New research finds workers more prone to lie in email. I did not read the entire research yet but it does look like an interesting topic with a lot of potential. Over the years email (security) evolved from server protection (do you remember swatch) to content protection. From a security research stand point, content detection methods were mostly static, focusing on white listing, black listing or even behavior. Data Fingerprinting changed our (mine for sure) approach for content protection. It was possible to identify and classify even small chunks of information. New profiling technologies will also allow us to understand normal behavior and in a way, create a way to distinguish between good and bad.
According to the research, people feel justified when lying using email. Liuba Belkin co-author of the studies and an assistant professor of management at Lehigh University said that “There is a growing concern in the workplace over email communications, and it comes down to trust, ….in an organizational context, that leaves a lot of room for misinterpretation and, as we saw in our study, intentional deception.”
Assaf just published his expert opinion on the nature of experts. Since I DO consider myself an expert in few areas, I feel that I have to explain what makes me an expert. It’s not the amount of reading (there’s always one more book) or opinions I’ve heard (where I’m coming from everyone is highly opinionated and has more than one opinion). It’s not the amount of studies I had (it took my wife less time to complete her DVM then it took me to get my B.sc). What makes me, as well as many others, an expert is the fact that I did many good mistakes and learned a lot a long the process. Thomas Edison once said, “I make more mistakes than anyone I know. And eventually I patent them.”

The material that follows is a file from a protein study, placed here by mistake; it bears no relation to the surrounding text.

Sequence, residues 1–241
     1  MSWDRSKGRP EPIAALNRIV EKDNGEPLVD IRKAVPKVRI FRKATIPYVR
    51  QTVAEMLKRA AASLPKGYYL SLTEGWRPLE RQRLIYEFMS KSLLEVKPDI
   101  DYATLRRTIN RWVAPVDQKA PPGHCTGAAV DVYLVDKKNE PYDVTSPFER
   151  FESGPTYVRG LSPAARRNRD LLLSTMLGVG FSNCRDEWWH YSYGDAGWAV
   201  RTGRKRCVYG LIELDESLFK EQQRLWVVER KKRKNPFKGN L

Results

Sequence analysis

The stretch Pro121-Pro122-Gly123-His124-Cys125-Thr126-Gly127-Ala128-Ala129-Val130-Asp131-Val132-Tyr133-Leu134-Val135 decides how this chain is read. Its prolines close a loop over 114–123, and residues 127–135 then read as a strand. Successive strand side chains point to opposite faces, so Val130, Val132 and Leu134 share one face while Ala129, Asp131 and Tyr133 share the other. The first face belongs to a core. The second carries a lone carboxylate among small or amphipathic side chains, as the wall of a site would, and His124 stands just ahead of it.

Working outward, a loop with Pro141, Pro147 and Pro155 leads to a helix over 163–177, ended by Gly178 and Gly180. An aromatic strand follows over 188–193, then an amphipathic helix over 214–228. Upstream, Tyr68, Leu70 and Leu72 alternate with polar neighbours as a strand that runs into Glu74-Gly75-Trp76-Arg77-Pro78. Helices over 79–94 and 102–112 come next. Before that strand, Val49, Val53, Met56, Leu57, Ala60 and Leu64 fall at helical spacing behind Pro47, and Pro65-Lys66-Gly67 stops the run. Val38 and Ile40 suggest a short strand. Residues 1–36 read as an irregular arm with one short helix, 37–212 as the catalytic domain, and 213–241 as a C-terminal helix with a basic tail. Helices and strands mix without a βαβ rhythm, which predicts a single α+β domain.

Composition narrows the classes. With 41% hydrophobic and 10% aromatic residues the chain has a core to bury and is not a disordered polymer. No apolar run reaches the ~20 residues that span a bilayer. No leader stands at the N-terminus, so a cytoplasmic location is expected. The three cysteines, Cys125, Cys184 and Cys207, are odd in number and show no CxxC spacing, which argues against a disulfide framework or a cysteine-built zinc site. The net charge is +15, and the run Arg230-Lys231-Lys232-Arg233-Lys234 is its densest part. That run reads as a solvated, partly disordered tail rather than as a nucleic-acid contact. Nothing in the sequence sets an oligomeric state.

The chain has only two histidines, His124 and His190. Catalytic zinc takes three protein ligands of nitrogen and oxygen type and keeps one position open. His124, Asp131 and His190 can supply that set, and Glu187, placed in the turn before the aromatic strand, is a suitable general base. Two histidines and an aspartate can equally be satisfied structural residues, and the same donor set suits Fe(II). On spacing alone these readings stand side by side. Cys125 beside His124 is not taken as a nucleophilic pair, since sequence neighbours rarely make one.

I have recently completed a book called “The Billionaire’s Vinegar: … “. In this book Benjamin Wallace spins a fascinating tale of how a group of very rich Americans spent 100’s of thousands of dollars on a select cache of wine bottles that were allegedly linked to Thomas Jefferson and were found in a non-disclosed location in Paris. Very soon questions of provenance started to emerge, culminating in a very expensive law suit waged by Bill Koch against the purveyor of the wines, a German collector named Hardy Rodenstock. The book is well written and is a highly recommended read.